There was a miner's strike in 1875, and tensions between mining companies and owners over the next months did not help the tenuous situation in the district.
"Reports from Spruce Mountain are that there was considerable excitement amongst the miners yesterday and the day before. They captured a mining superintendent named Schuller, locked him up, and while deliberating what they should to with him he escaped. It was feared there would be bloodshed before the row was terminated. It was also feared that the abandoned works of the Spruce Mountain Mining Co. would be fired, as the excitement was very high when the stage left."
The 1880 census shows 40 people in the Spruce Mountain census district. In 1883, rancher Jasper Harrell bought many of the mines, including the Starr King's, whose company town was renamed Jaspar. The first school opened there in 1885. The Ada H. Mine opened in 1886. The Juniper Consolidated Mining Co. built a smelter and closed it the next year, followed by the Jasper smelter in 1889. The Starr King Co. folded in 1890.
Charles Spence reopened the Black Forest Mine in 1901, and started the Jaspar smelter back up.The Sprucemont Hotel opened, but by 1905 most of Sprucemont had moved to Jasper. in 1904, the Black Forest smelter closed in July, was enlarged to 30 tons, and reopened in October. only to be enlarged again in 1906 to 45 tons.
Despite promising strikes by the Spruce Mountain Copper Co. in 1907 annd 1911, by 1913 there were only about ten men working in the district. In 1916, Charles Spence built a 50 ton furnace east of Jasper. The Black Forest, Keystone, and Ada H. mines being active. A 50 ton smelter was built at the Bullshead mine in 1917, and by 1918 the Bullshead Mining Co. had 20 buildings in Jasper. They built a 40 tone smelter in 1919. There was enough activity at the Black Forest mine that both Sprucemont and Jasper experienced a revival.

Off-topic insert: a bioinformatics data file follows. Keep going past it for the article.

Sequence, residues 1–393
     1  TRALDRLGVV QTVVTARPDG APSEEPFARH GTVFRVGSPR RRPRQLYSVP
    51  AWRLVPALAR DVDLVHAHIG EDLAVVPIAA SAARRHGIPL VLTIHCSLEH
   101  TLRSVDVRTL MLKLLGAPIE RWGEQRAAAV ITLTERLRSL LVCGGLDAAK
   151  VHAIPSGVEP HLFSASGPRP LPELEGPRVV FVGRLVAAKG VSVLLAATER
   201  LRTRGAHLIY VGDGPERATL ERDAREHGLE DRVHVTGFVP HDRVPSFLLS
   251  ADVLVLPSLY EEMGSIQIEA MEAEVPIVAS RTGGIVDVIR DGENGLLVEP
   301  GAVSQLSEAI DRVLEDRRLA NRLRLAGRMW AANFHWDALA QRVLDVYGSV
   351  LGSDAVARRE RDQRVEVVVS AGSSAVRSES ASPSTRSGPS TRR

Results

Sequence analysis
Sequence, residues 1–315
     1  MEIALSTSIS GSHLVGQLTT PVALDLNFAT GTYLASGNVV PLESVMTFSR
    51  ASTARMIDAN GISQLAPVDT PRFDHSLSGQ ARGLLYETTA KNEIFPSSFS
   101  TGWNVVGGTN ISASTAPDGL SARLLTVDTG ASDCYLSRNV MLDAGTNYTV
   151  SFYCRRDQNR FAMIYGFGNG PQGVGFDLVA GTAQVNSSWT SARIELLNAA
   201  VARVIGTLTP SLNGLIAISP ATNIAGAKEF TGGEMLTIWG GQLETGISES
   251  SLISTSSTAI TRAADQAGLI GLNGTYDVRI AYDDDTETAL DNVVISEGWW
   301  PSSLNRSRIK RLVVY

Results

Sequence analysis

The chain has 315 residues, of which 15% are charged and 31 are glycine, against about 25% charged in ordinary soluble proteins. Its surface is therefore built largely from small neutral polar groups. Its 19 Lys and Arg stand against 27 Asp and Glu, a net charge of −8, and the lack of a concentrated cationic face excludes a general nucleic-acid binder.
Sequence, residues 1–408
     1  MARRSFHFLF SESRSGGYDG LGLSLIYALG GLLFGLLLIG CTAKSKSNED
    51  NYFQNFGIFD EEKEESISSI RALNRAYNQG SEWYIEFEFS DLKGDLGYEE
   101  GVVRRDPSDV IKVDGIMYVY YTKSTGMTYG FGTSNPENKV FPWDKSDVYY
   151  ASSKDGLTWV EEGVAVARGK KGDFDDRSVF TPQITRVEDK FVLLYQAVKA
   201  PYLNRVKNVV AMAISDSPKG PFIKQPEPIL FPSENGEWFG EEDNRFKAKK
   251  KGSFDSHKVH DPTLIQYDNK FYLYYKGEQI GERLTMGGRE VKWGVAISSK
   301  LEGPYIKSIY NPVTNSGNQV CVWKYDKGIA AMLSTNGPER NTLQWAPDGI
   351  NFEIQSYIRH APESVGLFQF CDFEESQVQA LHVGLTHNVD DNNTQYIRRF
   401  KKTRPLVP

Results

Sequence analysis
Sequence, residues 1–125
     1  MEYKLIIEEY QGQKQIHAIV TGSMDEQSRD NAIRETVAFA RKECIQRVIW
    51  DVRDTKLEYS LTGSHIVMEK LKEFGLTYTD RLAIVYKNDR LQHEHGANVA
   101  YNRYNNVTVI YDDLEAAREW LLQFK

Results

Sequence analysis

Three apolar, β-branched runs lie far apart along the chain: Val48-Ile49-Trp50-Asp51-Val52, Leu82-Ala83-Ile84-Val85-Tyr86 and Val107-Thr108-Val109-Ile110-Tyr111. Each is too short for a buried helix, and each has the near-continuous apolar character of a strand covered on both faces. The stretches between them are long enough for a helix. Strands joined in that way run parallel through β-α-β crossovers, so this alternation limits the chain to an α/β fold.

In 1927 a tram to carry ore was built from the Kilie mine to the ore bin at the Black Forest mine, whereupon it was loaded into a second section which ran down the canyon. By 1930, low lead prices caused some companies to fold and mines to close, and once again Sprucemont began dying, with most of the mining on the east side of the mountain.
"E Tunnel [of the Monarch Mine] is open and in good condition. At the portal is a substantial power house and living quarters for a dozen men. Two compressor units capable of combined production of 500 to 600 cubic feet per minute are installed in the power house. The compressor units are diesel powered; one, 85 H.P. and one, 125 H.P. and in good condition. The Company has on hand all the air drills, steel, etc., neccessary to start operations.... It is the writer's belief that the conditions existent here justify the granting of a $9,000 loan, or as much of it as necessary, to explore the territory adjacent to the old workings, and that it will result in the production of appreciable quantities of a strategic metal necccessary to the war effort."
The Black Forest P.O. closed in 1943, and while 1945 was the largest year of production for Spruce Mountain, all serious mining had ended by 1952.
|POST OFFICE||Sprucemount 4/29/1872 - 1/13/1880, 2/13/1880 - 4/14/1884,
Sprucemont 9/10/1886 - 6/26/1895, 11/1/1929 - 10/17/1935
Spruce 6/26/1895 - 8/31/1896, 8/17/1901 - 11/29/1902
Black Forest 1/9/1926 - 3/19/1943
The road to Sprucemont and beyond is easily passable by a pickup, but the further you get in the worse the roads get. Towards Black Forest you really need a 4WD. There are a few places even a side-by-side is going to have trouble because it's just not wide enough. Even we ended up using the winch once, so be careful.